Lawin at Sisiw (Hawk and Chickens) is one of the more familiar games on this list. But unlike the game you grew up with, this one has a specific story.

This outdoor game requires 10 to 20 players. One will act as the hawk, another one as the hen (or head of the chickens), while the remaining players become the chicks. The hen together with the chickens are arranged one behind another, holding each other’s waists while the group searches for food.

It starts with the hawk’s attempt to buy a chick from the hen. After a period of bargaining, the hawk finally gets a chick which he will take home to help him search for rice grains for his dinner.

As the hawk falls asleep, the chick returns to the hen. As a result, the angry hawk tries to find and catch the missing chick. The hen and all the chickens will then prevent the hawk from catching the chick.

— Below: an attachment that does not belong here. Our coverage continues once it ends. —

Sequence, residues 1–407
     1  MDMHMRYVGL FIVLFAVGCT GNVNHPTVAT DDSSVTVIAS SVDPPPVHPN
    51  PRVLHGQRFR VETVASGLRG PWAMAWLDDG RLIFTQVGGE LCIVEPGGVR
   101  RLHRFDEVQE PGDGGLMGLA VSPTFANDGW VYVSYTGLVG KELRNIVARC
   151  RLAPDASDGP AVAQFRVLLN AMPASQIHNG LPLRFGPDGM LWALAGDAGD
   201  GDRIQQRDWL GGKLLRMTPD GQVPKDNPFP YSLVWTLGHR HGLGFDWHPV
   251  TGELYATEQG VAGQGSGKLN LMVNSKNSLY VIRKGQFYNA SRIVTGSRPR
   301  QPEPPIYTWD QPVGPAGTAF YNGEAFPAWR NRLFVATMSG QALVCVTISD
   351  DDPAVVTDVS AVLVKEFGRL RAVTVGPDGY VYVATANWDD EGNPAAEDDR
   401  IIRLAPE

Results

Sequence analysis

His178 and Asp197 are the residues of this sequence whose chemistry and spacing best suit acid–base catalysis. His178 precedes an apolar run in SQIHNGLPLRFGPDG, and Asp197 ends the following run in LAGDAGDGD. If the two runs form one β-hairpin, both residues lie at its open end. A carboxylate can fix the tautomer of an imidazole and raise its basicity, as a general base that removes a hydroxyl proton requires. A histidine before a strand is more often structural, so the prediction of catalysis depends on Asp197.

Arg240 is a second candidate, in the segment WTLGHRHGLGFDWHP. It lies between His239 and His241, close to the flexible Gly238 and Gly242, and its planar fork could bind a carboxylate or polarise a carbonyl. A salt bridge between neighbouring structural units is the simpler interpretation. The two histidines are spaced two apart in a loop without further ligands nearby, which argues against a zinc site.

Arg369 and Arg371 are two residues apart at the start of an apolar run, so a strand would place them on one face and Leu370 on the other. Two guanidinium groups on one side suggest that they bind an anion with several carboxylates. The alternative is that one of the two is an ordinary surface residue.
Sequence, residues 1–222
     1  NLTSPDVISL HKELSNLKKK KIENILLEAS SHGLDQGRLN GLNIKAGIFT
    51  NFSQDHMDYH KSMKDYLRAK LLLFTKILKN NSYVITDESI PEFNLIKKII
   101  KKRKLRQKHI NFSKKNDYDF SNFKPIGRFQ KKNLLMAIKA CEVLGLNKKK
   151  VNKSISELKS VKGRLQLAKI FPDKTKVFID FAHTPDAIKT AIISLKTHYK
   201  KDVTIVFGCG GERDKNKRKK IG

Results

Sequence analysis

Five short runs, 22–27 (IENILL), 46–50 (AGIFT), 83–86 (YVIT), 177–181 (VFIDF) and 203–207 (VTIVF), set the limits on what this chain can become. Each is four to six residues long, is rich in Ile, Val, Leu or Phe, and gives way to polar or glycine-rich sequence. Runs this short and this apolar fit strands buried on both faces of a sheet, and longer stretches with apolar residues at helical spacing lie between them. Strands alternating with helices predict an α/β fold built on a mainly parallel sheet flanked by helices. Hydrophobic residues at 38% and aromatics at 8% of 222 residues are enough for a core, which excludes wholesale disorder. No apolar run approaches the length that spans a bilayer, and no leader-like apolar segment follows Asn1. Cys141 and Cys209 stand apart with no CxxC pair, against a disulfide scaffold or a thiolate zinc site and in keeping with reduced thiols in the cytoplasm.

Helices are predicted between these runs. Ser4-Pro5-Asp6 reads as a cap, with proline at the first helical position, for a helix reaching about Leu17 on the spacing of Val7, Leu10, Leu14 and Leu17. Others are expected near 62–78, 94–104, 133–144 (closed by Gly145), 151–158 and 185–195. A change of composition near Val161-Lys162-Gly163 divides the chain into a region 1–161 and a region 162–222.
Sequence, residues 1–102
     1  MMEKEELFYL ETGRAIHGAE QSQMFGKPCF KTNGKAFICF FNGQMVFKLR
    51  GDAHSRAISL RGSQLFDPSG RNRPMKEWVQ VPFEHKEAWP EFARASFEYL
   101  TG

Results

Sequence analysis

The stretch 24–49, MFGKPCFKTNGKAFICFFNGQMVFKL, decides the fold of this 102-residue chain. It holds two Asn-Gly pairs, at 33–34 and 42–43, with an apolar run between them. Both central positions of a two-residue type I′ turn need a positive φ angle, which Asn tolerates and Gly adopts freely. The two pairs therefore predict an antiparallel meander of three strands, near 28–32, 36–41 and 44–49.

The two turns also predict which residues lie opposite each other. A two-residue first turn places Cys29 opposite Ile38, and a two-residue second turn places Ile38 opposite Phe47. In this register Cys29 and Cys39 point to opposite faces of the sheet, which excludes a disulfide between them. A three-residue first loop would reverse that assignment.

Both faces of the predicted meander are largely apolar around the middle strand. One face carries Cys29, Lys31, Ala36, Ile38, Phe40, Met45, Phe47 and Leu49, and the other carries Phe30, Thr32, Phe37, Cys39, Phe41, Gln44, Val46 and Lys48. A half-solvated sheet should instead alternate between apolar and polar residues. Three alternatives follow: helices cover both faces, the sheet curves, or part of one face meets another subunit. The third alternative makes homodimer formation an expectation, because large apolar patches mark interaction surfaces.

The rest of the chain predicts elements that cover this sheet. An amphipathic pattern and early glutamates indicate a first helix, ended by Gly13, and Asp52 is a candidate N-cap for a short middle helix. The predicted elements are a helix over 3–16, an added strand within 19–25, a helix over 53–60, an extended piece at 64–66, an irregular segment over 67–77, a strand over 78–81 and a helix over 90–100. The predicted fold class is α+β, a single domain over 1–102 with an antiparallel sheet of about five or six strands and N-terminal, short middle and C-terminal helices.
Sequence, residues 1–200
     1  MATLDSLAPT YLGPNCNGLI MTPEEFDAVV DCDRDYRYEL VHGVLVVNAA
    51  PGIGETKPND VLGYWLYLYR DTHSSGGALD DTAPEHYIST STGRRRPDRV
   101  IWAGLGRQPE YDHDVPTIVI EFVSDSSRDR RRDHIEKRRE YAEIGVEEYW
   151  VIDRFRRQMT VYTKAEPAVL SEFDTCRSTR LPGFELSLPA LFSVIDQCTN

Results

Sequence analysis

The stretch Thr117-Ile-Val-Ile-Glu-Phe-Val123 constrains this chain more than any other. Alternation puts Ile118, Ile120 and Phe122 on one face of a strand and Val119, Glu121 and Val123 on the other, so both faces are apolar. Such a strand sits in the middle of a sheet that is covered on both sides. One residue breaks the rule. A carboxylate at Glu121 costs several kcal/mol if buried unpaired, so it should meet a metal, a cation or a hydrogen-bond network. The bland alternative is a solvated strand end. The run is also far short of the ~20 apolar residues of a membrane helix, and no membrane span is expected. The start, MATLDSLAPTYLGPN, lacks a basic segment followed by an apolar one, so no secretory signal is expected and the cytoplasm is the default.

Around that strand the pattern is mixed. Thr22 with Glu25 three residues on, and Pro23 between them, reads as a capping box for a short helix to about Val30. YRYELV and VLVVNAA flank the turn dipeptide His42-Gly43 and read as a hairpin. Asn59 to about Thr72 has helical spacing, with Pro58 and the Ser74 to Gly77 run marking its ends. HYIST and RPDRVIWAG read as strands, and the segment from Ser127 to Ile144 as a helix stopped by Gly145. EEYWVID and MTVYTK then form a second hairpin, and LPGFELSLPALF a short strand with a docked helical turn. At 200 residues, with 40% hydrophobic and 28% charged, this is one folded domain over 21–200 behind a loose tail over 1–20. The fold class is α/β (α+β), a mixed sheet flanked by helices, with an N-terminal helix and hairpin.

If he fails, the game starts again and the hawk tries to find another chicken.

6. Babuy-Babuyan

Babuy babuyan

Babuy-babuyan is a dirty little game that requires two or more players to catch as many ground insects as they can. To do this, they need to pull a strand of human hair (silo) and then tie it on one end to serve as bait or trap for the insect. The player who catches the most number of insects wins the game.

Another game called taguang silo also uses a hair strand. In this case, one player hides the hair strand by covering it with soil while the other player is blindfolded. The latter will then try to search for the missing hair strand. [Source: National Commission for Culture and the Arts (NCCA)]

7. Juego de Anillo

Juego de Anillo
Screenshot courtesy of “Tipong Pinoy”

Juego de Anillo (Game of Rings) is a traditional game of Spanish influence. Its original version required its players to ride a horse while holding a dagger which will then be used to catch a ring hanging at a tree or similar structure. Later, Filipino children adopted it and changed the horse into broomsticks or bicycles.